Region of Body Fat Affects Risk of Heart Disease 

( Medical News Today, 9/27/16)

Some types of fat increase the risk factors for heart disease more than others, finds a new study published in the Journal of the American College of Cardiology. While belly fat and fat under the skin are both associated with new and worsening heart disease risk factors, the relationship was more pronounced in belly fat. Read More 

Report Finds that Sugar Industry Quashed Link Between Sugar and Heart Disease Nearly 50 Years Ago

(Forbes, 9/6/16)

A startling new report published today in JAMA Internal Medicinefound that more than 50 years ago, sugar industry-funded and guided research successfully suppressed findings linking sugar intake to an increased risk of heart disease. Read More 

How Much Exercise Do You Need to Prevent Heart Disease and Cancer?

(Today Show, 8/9/16)

The World Health Organization says that you should strive for a minimum of 600 metabolic equivalent (MET) minutes a week. The new research suggests aiming for five to six times that amount — 3,000 to 4,000 MET minutes/week — for maximum benefit. Read More 

Five Ways to Unclog your Arteries Naturally and Prevent Heart Disease 

(Newsmax, 8/3/16)

Adopt healthy habits in your daily routine to boost heart function and maintain vigorous blood flow throughout the body.Read More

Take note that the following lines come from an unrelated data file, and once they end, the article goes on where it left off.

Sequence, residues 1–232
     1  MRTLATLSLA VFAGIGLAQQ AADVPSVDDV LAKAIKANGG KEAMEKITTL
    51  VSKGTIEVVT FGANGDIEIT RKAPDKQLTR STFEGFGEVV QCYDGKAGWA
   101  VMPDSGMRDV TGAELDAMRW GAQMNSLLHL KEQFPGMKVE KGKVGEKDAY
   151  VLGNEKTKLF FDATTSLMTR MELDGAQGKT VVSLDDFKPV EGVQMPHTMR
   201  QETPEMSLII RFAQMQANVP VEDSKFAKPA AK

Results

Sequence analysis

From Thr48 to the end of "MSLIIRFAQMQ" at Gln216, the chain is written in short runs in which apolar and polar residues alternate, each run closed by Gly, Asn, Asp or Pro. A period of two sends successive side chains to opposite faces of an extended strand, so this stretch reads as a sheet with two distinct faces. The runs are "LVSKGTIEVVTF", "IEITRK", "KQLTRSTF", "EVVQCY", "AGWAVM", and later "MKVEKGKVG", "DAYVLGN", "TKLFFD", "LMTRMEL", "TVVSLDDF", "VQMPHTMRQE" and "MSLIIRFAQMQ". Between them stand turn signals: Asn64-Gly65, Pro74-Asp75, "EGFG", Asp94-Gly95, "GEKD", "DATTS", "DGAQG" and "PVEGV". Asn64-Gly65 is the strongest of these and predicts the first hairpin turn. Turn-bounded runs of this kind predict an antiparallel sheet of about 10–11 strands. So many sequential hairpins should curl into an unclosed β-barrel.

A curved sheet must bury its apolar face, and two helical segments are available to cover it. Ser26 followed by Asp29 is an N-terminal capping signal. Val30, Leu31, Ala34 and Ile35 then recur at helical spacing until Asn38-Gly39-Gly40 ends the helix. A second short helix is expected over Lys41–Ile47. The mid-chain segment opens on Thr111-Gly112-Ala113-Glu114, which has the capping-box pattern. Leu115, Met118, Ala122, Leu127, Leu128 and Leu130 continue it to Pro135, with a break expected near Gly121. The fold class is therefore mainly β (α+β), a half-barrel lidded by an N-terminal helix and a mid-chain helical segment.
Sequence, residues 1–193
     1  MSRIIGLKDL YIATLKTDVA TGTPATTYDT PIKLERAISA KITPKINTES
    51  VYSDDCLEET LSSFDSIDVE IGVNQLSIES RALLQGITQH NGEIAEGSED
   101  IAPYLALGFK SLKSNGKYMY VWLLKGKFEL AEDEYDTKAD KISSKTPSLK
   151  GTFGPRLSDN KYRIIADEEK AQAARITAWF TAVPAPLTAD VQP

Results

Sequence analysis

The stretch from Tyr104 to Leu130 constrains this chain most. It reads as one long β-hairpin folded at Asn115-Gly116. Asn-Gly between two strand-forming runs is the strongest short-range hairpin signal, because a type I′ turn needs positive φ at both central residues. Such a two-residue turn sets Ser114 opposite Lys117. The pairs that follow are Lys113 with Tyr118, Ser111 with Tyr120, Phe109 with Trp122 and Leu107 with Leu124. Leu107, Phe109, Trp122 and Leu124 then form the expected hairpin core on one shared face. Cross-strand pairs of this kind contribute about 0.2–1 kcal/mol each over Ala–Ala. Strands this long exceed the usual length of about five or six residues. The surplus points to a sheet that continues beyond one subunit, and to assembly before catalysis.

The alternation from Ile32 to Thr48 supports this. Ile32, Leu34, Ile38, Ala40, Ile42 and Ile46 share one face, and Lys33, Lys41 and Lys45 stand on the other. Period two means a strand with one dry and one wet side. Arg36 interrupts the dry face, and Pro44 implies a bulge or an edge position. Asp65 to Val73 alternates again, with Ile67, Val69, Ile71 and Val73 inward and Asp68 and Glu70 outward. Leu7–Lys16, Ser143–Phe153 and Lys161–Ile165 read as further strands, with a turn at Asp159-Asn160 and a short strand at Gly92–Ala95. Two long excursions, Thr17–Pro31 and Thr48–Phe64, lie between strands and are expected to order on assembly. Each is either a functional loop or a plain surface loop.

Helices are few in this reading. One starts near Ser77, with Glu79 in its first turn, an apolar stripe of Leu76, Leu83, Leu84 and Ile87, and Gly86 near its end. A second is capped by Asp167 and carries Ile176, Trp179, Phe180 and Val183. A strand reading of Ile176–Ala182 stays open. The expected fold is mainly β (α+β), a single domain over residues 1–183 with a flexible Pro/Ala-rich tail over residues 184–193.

Genetic Link Between Rare Heart Disease and Seizures Identified 

(NDTV, 8/2/16)

Researchers have identified a genetic link between a rare heart rhythm disease and an increased risk for seizures proving a clear association between the heart and the brain of such patients. Read More 

Global Study Finds No Link Between Heart Disease and Butter 

(Yahoo, 7/5/16)

Study has found no direct link between butter and heart disease. This animal fat could even be a better choice than sugar or starch. Read More 

Heart Disease and Cancer are Responsible for Nearly Half of All Deaths in the US

(Los Angeles Times, 7/5/16)

Heart disease was the No. 1 cause of death for Americans, killing 614,348 people in 2014, according to a government analysis of all death certificates filed in the country that year. Cancer came in second, causing 591,699 deaths. Together, the two diseases accounted for 45.9% of all deaths in the U.S., the report says.  Read More 

Consumption of Omega 3’s Linked to Lower Risk of Fatal Heart Disease

(Science Daily, 6/29/16)

Global consortium of researchers banded together to conduct an epidemiological study analyzing specific omega-3 fatty acid biomarkers and heart disease. They found that blood levels of omega-3 fatty acids from seafood and plant-based foods are associated with a lower risk of fatal heart attack. Read More

Eating Broccoli May Lower the Risk of Heart Disease 

(NDTV, 6/27/16)

Eating broccoli three or four times a week may be associated with a lower risk of developing type 2 diabetes, heart disease, asthma and several types of cancer, a new study has claimed. Read More 

Eating Chocolate Each Day Could Decrease Heart Disease Risk

(Science Daily, 04/28/16)

A new study published in the British Journal of Nutrition could lead to physicians recommending daily consumption of small amounts of dark chocolate. Read More 

Southern US Diet Tied to Heart Disease
(NY Post, 08/11/15)
People who like fried food, sweet tea and other foods synonymous with the Southern United States may be at an increased risk of heart attack and death, according to a new study. Read More.

Younger Hysterectomies Tied to Heart Disease Risks
(HealthDay News, 08/06/15)
Hysterectomy is associated with an increased likelihood of cardiovascular risk factors and disease, especially among younger women, a new study suggests. Read More. 

Can Using a Sauna Reduce Your Risk of Heart Disease
(MD Magazine, 08/05/15)